Mike Huckabee Robocall Could Yield Huge Payoff for St. Louis Attorneys



In September 2012, as many as four million landlines across the U.S. got a call from Mike Huckabee — well, at least the voice of Mike Huckabee.

The call purported to be a survey asking whether those who answered believed in certain things (freedom, liberty, etc.). But really, a group of Chesterfield lawyers contend, it was a recorded robocall — and, as ultimately became clear to anyone who stayed on the line, an advertisement for a Christian-focused film called Last Ounce of Courage.

Federal law forbids using pre-recorded messages to hawk products without first getting express consent. In hopes of discouraging such solicitations, anyone found liable of making such a call can be on the hook for $500 to $1,500 in damages — for each and every landline affected.

And that means a Chesterfield law firm could be looking at a whole lot of money.

Yesterday, U.S. District Judge E. Richard Webber certified a lawsuit filed by the Chesterfield firm Schultz & Associates LLP as a class action suit. In essence, that allows the attorneys to proceed with litigation against the filmmakers representing everyone who was hit with the Huckabee-voiced robocalls. And with a class of victims potentially reaching, yes, four million households, the damages could be staggering — $2 billion, maybe even more.

Ronald J. Eisenberg, an attorney with the firm, admits that he and his partners were stunned by the potentially huge case they're now looking at.

"We're just a firm in Chesterfield with three attorneys," he says.

Still, Eisenberg believes his firm is more than ready to handle the matter. They've already survived numerous legal hurdles, including a decision at the appellate level that reversed the judge's earlier dismissal of their suit. (Owing to the magnitude of the case, they have brought on a co-counsel.)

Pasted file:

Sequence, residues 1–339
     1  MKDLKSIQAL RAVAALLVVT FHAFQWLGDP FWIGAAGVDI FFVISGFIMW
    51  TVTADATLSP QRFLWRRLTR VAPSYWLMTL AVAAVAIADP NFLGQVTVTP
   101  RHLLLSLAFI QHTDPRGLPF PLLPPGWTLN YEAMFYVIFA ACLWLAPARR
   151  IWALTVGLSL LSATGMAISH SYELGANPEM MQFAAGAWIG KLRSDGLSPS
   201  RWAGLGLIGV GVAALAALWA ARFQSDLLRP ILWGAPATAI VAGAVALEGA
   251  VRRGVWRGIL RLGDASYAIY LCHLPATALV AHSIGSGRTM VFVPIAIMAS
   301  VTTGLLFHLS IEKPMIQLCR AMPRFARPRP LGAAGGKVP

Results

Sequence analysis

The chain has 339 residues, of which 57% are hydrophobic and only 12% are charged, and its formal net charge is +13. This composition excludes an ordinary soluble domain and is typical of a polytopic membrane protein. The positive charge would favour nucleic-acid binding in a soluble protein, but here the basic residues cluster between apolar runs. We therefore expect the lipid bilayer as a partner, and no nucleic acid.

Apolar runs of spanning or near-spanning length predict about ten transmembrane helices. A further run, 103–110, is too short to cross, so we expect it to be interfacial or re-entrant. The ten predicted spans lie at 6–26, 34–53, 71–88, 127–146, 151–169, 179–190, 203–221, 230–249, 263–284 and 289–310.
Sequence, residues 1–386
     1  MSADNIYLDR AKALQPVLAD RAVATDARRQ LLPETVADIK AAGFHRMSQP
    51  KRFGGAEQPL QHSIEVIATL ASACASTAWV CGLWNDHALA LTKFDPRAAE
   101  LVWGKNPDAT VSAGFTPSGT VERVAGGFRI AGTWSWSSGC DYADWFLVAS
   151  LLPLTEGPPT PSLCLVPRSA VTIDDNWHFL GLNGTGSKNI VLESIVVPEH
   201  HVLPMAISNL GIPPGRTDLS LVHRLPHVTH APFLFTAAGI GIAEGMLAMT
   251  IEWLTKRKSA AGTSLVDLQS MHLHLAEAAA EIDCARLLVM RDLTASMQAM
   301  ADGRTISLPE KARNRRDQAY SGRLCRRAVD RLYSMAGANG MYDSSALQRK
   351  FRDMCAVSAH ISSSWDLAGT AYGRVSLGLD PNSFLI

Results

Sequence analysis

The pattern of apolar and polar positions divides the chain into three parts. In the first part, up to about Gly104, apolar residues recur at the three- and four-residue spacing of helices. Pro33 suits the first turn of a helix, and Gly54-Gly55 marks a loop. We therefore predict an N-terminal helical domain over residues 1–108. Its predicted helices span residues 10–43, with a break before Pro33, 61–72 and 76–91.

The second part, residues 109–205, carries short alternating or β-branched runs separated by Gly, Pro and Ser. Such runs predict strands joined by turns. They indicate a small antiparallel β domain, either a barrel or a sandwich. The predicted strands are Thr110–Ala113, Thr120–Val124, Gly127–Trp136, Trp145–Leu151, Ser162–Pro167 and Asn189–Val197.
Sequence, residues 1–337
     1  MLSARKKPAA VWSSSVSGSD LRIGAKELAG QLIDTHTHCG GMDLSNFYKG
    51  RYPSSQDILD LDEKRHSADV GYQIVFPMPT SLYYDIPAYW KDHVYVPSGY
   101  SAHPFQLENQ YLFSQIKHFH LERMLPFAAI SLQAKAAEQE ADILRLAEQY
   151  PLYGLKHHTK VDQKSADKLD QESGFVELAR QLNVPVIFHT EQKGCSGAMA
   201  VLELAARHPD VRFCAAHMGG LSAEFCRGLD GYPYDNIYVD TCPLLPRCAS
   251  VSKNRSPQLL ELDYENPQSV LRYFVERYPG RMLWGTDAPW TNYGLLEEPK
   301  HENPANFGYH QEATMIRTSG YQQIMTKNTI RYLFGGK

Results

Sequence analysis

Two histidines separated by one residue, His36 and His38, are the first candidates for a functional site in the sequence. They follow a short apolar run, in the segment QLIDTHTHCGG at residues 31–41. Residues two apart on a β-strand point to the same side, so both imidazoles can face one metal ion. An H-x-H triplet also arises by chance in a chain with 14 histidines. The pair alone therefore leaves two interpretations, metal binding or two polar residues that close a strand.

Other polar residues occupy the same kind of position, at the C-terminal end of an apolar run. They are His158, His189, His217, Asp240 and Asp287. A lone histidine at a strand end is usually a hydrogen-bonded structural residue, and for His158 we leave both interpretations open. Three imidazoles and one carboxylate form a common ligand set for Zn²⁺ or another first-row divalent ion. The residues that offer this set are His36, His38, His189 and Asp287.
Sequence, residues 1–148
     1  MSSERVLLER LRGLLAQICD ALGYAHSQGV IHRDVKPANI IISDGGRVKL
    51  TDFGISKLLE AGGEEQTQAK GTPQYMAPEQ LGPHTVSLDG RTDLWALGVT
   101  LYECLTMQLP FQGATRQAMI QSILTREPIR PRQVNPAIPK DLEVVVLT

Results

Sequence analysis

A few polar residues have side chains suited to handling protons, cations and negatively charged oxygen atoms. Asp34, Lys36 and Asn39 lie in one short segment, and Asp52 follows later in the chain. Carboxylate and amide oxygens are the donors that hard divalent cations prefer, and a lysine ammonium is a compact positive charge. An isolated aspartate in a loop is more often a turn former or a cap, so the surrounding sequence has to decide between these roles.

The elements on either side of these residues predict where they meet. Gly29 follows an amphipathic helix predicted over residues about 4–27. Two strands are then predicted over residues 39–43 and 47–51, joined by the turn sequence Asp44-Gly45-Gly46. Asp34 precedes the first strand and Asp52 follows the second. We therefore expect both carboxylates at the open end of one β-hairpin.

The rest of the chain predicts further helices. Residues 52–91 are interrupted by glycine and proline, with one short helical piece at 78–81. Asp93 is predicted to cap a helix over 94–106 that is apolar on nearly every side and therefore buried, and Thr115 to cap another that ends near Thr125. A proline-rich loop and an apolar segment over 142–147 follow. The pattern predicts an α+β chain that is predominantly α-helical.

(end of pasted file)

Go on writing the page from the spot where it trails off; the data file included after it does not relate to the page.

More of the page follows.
Now, it's worth noting that former Arkansas governor Huckabee is no longer a party to the suit. But a Texas billionaire, Dr. James Leininger, is. He financed the money and apparently paid for the robocalls. He could be looking at big damages, along with two limited liability companies: Veritas Entertainment and Veritas Marketing.

Sadly, it appears that Dr. Leininger didn't get his money's worth for those faux-surveys. Even though 82 percent of all respondents indicated that they believe in American freedom and liberty, precious few turned out for Last Ounce of Courage.

The film, which notched a rating of just 2.5 out of 10 on Rotten Tomatoes, tells the story of a mayor who decides he can best honor his dead son by putting the "Christ" back in City Hall. A cigar-smoking big-city lawyer from the 'ACLO' tries to stop him. Patriotism ensues!

Hard to imagine in light of that plotline, but even with that assist from Mike Huckabee, Last Ounce of Courage flopped hard.

We welcome tips and feedback. Email the author at sarah.fenske@riverfronttimes.com

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